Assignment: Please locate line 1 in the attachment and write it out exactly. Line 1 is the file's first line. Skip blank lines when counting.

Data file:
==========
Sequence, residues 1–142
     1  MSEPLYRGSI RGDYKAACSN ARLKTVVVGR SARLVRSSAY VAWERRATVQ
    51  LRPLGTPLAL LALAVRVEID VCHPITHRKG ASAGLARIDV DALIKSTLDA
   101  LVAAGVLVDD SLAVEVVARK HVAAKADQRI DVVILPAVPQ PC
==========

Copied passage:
Sequence, residues 1–142